News Item

Lander Professor Joins Research Team to Prepare S.C. Coastal Regions for Climate Change Effects

April 21, 2016

Dr. Daniel M. Harrison, professor of sociology at Lander University, has been invited to take part in a two-year, $159,000 study that will be used to develop safeguards to protect South Carolina’s coastal water infrastructure from the effects of climate change. Joining Dr. Harrison will be three civil engineer professors from Clemson University.

While the National Oceanic and Atmospheric Administration (NOAA) is providing funding for the project, the findings will be presented to the S.C. Sea Grant Consortium.

Dr. Harrison’s background in environmental sociology made him a natural selection for participation in the study. “Environmental sociology is the interaction between nature and society,” he said. “In a study such as this, it’s crucial to anticipate the strains put upon society in times of adversity caused by environmental changes. These can include lost wages by not being able to get to work, and anxiety caused by significant damage to our homes and overall way of life.”

S.C.’s Fragile Vulnerability to Climate Change Effects
According to data released by NOAA, climate change conditions have directly resulted in a sea level rise of 1.7 millimeters per year over the last century and over 3.2 millimeters in the last few decades. The Southeastern coastal regions of the U.S. are particularly vulnerable to effects from climate change, and some areas are already experiencing potentially devastating impacts, including:

  • salt water intrusion into freshwater aquifers,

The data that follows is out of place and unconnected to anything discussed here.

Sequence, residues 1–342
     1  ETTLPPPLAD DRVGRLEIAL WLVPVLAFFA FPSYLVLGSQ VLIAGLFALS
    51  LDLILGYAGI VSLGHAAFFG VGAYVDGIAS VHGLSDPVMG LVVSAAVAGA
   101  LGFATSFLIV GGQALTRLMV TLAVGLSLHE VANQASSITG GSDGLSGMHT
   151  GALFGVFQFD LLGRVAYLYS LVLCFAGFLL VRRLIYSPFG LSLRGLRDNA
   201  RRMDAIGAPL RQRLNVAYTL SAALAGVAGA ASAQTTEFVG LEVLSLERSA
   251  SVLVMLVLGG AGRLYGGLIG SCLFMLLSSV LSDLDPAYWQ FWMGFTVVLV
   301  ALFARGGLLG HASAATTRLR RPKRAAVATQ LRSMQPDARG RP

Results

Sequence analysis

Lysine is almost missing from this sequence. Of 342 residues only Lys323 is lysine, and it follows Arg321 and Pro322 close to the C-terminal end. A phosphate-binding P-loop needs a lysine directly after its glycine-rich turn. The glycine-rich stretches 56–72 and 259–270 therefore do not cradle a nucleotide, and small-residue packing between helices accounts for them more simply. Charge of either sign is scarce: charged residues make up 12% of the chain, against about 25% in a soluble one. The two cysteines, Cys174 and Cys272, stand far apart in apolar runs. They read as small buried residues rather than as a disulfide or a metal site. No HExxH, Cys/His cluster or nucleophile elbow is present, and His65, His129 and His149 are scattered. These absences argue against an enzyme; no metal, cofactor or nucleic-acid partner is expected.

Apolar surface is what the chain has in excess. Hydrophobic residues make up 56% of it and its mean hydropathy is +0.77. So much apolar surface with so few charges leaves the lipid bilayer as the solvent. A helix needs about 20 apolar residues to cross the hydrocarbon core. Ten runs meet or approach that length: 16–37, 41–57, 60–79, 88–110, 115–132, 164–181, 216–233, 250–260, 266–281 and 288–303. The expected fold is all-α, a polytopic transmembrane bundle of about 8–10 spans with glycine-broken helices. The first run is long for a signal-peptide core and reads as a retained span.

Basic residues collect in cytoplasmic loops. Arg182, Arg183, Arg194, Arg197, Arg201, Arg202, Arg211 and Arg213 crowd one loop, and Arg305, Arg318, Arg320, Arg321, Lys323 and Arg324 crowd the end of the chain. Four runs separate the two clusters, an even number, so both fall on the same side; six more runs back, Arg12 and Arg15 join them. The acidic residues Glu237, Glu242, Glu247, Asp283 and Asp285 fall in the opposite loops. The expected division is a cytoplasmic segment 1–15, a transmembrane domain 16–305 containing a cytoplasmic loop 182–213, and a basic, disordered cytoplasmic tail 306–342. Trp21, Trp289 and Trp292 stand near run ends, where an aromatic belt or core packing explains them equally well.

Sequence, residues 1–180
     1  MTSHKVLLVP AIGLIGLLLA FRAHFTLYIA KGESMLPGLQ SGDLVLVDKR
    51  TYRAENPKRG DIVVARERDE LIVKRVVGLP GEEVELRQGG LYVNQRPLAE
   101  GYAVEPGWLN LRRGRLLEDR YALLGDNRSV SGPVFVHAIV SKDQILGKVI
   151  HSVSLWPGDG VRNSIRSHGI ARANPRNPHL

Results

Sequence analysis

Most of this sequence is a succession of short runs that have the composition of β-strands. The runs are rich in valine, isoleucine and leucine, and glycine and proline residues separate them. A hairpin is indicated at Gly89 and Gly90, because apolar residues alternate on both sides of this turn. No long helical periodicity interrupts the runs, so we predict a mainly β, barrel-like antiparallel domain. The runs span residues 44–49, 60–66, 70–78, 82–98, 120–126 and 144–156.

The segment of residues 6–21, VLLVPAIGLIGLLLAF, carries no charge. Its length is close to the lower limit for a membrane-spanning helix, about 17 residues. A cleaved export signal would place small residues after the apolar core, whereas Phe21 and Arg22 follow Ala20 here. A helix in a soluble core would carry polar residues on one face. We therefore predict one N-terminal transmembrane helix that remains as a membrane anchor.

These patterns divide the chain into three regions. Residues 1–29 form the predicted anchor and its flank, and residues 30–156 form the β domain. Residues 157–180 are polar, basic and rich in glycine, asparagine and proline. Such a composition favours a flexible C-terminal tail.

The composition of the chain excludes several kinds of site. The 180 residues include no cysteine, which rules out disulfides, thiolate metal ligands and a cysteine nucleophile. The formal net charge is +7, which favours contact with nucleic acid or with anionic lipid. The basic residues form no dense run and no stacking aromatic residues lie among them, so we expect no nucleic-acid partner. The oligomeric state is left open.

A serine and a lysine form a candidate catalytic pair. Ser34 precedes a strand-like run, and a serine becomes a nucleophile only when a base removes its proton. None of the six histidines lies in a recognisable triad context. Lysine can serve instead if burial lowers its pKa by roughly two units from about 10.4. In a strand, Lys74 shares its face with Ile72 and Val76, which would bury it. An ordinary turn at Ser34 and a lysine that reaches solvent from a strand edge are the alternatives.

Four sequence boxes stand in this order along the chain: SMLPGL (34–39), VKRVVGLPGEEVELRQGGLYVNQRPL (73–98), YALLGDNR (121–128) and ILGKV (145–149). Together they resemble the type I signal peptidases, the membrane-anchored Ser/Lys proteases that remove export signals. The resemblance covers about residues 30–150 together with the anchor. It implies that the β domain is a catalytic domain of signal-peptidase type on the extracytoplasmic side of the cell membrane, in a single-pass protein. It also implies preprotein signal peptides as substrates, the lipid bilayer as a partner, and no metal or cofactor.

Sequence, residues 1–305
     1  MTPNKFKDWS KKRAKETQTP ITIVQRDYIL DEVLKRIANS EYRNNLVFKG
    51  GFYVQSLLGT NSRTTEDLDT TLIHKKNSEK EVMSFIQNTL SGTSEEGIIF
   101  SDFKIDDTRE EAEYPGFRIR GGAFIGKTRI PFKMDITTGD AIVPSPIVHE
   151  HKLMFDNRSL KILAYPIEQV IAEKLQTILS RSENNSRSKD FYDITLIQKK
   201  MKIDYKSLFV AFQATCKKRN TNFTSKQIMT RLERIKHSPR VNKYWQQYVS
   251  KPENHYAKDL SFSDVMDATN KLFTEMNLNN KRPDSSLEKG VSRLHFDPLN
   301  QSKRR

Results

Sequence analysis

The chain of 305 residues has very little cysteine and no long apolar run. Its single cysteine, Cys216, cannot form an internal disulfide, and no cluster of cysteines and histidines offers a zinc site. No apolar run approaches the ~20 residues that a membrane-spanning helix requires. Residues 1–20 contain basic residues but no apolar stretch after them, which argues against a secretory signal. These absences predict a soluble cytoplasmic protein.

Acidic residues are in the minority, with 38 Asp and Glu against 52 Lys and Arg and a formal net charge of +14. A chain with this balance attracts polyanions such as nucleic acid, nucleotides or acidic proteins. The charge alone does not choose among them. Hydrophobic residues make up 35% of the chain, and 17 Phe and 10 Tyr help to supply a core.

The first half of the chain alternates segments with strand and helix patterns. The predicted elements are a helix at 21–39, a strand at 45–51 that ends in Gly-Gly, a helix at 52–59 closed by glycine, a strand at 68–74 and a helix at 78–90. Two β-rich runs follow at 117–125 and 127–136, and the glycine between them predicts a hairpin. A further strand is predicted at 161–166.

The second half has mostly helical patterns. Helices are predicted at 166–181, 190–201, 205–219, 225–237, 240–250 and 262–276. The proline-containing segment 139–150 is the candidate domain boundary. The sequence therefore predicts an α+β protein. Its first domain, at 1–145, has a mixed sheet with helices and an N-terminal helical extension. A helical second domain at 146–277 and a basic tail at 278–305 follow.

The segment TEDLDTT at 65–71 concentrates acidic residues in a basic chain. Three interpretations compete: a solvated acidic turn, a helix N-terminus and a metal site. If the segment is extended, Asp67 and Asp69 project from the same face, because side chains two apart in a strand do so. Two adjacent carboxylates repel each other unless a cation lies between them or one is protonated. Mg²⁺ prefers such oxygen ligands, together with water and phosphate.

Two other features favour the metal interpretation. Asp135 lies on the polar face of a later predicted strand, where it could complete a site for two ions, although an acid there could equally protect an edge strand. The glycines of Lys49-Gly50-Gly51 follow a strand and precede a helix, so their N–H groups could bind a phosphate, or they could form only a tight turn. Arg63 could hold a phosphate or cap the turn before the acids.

• increased soil erosion, and
  • rising water tables.

Several scientific models already project another two-foot rise in the sea level along S.C.’s coastline over the next century. This is particularly troubling as three of the nation’s 20 fastest-growing metropolitan areas are located along the state’s 190-mile coastline: Myrtle Beach, Hilton Head and Charleston.

How the Team Will Work
Harrison and the rest of the research team will initially focus their efforts on the Charleston area. Collaborating with municipal engineers and other officials, the team will analyze and document the current levels of climate change impact on the state’s coastal water infrastructure. For example, Charleston’s pipeline infrastructure, which is already strained by age and flooding, will be further examined to predict its performance in the wake of increased stresses caused by climate change.

In addition to addressing the social dimensions to sea level rise in the Low Country, Harrison and his team will also be looking at the environmental, economic and policy constraints faced by water infrastructure stakeholders. The research team will take existing strategies developed by the municipalities and compare them with coastal regions across the U.S. and other countries. “There may be significant lessons that can be learned from the climate change adaptation strategies from these other regions,” said Dr. Harrison. 

Daniel Harrison_Web

Dr. Daniel M. Harrison of Lander University will team with civil engineer professors from Clemson University in a study designed to protect South Carolina’s coastal water infrastructure from the effects of climate change.